Atlanta's Infrastructure Isn't Ready For Its Coming Population Boom
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Thousands of people are coming to Atlanta every year, but without more transportation options, that boom in new residents could eventually kill Atlanta's growth.
The City of Atlanta is expected to see its population blossom from more than 475,000 today to 1.2 million residents in the next decade or so, Atlanta Department of City Planning Commissioner Timothy Keane said. That growth is going to complicate planning and development going forward.
“We've got to have a clear picture of a better Atlanta with more people,” Keane said during Bisnow's Atlanta State of the Market Tuesday.
Keane and other panelists said transit and alternative transportation options are integral to handle the coming population boom. A recent report by the U.S. Conference of Mayors predicts that Metro Atlanta will surpass 8 million residents by 2046 from 5.7 million people today, the Atlanta Journal-Constitution recently reported. That would make the area the country's sixth largest.
“These investments in transit that are coming really are fundamentally important, because Atlanta can't build any more roads,” Keane said. When the onslaught of new residents come to Atlanta, "let's hope they don't have to drive as much as we do.”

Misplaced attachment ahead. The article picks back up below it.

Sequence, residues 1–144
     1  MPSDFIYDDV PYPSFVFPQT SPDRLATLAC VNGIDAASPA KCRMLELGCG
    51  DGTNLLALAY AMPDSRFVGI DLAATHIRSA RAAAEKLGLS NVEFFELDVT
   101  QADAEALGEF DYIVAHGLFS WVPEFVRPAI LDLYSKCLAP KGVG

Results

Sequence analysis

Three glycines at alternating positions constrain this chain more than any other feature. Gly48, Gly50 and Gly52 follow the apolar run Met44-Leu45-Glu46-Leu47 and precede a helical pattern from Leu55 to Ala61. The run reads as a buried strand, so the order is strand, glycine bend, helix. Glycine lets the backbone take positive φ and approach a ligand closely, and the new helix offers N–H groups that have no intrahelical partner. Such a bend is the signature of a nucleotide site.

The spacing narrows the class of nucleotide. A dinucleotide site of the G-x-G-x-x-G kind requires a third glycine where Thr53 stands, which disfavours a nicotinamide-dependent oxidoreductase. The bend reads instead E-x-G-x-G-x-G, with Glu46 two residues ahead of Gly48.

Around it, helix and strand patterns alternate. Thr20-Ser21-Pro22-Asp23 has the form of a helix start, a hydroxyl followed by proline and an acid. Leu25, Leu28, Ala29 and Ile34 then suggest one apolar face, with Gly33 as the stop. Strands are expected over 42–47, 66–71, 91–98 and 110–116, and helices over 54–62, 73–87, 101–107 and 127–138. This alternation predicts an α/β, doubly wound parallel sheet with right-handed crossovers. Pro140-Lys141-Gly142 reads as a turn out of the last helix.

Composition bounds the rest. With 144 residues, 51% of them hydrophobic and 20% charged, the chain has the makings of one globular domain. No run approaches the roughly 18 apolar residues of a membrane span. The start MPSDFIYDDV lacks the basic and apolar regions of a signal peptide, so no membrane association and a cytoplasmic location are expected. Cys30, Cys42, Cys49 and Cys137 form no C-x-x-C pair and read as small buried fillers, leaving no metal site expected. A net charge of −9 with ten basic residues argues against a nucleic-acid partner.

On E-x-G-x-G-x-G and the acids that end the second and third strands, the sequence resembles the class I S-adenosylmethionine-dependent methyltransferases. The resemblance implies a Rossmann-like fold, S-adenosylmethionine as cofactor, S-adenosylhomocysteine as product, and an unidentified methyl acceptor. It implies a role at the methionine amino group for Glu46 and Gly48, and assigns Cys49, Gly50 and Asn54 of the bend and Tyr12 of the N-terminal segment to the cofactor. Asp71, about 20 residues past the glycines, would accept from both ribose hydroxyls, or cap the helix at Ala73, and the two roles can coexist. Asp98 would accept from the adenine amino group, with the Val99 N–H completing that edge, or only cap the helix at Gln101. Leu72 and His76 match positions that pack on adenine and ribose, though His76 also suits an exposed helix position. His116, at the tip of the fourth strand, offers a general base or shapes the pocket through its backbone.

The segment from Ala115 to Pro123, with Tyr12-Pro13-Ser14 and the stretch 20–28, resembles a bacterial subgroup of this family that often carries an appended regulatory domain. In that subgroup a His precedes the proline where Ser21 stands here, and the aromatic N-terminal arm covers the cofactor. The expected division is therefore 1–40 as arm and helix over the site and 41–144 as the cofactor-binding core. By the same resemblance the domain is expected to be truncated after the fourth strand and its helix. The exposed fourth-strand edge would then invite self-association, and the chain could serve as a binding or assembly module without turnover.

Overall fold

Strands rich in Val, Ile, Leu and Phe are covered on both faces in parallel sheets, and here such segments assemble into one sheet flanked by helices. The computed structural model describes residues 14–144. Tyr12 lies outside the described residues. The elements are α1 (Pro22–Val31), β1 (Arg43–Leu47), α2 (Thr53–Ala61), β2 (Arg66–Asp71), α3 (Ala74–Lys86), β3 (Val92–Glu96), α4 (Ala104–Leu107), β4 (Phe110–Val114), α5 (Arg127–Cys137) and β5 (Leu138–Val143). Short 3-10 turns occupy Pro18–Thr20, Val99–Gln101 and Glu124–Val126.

The population growth also goes into the heart of housing affordability and the dynamic of transit to help people commute to work. Right now, a family of four earning $45K/year is spending more than 60% of its income on housing, Cumberland CID Executive Director Malaika Rivers said.
That same family has to move farther outside the city to find an affordable place to live. Then a bigger chunk of a family's remaining income is used to fund its commute. For regional growth, “that is nearly unsustainable,” Rivers said.
Shelton McNally principal Conor McNally said transit and transportation fixes must be a priority to address population growth. After all, developers are limited in how much actual affordable housing they can produce within the city limits. Land prices have risen to such an extent that developers are hard-pressed to keep rents on new apartments affordable for greater numbers of residents.
“If we don't get transportation right, we're really going to curtail that growth,” McNally said. “To suggest we can build enough affordable housing in the inner core … is naïve. It's too expensive.”
“We need MARTA out there," Sivewright said. "We need to figure how to get MARTA from the inner core to the Northwest."
McNally said one way for developers to expand affordable housing in the city is to spearhead projects in transitional areas. Shelton McNally is working on two housing projects: a new, age-restricted apartment complex in Atlanta's Westside and a redevelopment of a Class-C apartment property that will be brought up a class.
“We like being in that thicker segment of demographics, that lower-priced tier,” McNally said. “We think that's a deeper rental pool.”
MetLife Managing Director Charles Davis said the insurance giant is in the planning stages of new developments in cities like Tampa, Orlando and Midtown Atlanta, where it is in preplanning on the nine-acre assemblage off 17th and Spring streets that is home to a collection of older buildings and the popular Nan Thai Fine Dining restaurant.
Davis did not offer details of the mixed-use redevelopment there, but MetLife tapped JLL last year as a master developer on the project. It is one of the handful of Atlanta sites pitched as a potential location for Amazon's HQ2 project.
“We'll have some great announcements on [the MetLife site] later in the year,” Sivewright said.